LANSING, Mich. — Medical marijuana measures moved forward in the Michigan House on Thursday, including one that would allow pharmacy sales of the drug, pending federal approval.
The pharmacy bill now goes to Gov. Rick Snyder for his signature.
Other medical marijuana bills passed the House on Thursday, but need Senate consideration next year. One would let local governments allow or prohibit medical marijuana dispensaries, or “provisioning centers” in their communities. The other would clarify that patients can use non-smokable forms of medical marijuana, such as oils, food items and pills.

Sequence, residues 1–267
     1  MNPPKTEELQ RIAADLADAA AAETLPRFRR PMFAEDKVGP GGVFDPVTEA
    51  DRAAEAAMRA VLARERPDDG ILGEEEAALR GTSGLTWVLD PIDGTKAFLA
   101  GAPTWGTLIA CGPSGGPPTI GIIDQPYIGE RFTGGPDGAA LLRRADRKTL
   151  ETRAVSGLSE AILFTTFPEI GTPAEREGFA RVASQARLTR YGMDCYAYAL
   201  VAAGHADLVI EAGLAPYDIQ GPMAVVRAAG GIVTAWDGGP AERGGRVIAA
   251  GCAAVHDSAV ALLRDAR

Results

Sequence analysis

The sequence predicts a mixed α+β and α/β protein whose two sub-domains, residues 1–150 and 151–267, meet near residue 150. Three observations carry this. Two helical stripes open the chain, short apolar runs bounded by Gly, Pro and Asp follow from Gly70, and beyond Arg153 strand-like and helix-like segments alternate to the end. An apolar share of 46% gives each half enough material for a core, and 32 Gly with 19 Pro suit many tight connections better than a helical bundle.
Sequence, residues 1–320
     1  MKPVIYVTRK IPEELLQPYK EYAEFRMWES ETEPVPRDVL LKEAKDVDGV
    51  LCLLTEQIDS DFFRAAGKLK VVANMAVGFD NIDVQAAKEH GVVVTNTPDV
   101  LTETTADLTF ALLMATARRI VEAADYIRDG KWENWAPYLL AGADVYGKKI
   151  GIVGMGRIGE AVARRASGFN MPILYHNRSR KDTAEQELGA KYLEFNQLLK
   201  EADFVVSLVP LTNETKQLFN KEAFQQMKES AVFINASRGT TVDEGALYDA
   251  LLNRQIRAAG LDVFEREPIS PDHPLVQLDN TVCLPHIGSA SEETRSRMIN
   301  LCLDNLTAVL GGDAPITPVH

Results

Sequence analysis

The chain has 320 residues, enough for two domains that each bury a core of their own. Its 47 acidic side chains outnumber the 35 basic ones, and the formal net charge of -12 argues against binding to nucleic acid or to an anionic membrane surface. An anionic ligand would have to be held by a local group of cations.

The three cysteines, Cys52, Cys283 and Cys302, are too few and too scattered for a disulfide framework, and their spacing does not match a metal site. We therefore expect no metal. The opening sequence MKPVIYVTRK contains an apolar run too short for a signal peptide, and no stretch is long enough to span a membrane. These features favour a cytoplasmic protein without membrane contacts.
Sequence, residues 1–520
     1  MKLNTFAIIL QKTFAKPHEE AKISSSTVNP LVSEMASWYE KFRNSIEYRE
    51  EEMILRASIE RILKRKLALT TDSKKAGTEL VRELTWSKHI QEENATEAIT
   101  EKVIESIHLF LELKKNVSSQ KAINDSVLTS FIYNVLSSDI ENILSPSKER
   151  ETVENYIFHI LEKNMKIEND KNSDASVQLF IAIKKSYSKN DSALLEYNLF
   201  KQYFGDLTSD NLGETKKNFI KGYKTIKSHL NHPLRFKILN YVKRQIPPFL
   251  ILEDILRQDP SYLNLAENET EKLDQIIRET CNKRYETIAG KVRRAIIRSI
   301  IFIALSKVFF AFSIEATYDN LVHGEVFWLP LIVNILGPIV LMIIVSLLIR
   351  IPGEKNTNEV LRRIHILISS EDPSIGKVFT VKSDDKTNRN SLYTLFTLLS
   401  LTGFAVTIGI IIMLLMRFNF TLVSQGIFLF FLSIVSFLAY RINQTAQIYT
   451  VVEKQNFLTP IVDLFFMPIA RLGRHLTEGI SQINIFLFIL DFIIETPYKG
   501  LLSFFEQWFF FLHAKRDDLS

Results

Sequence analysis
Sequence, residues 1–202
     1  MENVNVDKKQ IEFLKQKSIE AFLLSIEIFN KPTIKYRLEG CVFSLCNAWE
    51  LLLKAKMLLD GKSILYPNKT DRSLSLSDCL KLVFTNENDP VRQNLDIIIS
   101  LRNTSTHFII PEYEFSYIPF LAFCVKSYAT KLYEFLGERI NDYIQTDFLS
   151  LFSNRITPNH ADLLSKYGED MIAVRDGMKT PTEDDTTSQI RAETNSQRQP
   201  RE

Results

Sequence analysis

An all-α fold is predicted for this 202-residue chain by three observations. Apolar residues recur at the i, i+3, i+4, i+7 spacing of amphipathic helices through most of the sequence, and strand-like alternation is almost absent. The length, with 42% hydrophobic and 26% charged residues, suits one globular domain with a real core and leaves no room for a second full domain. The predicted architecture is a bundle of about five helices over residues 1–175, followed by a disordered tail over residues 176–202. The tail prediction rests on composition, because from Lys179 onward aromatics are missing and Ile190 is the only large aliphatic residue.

Michigan voters legalized marijuana use for medical purposes five years ago. Patients can grow it themselves or buy it from registered caregivers. But the legality of dispensaries has been thrown into doubt by conflicting court rulings.
“By amending the definition ... to include the plant resin or extract, we are giving patients a choice in how they can alleviate their suffering,” state Rep. Eileen Kowall, R-White Lake, said in a statement. “Many patients, particularly children and the elderly, cannot smoke or use a vaporizer to ingest marijuana, and we should not force them to do so.
“We have worked diligently to address the concerns of both patients and law enforcement, and this bill strikes a balance between them,” she said.
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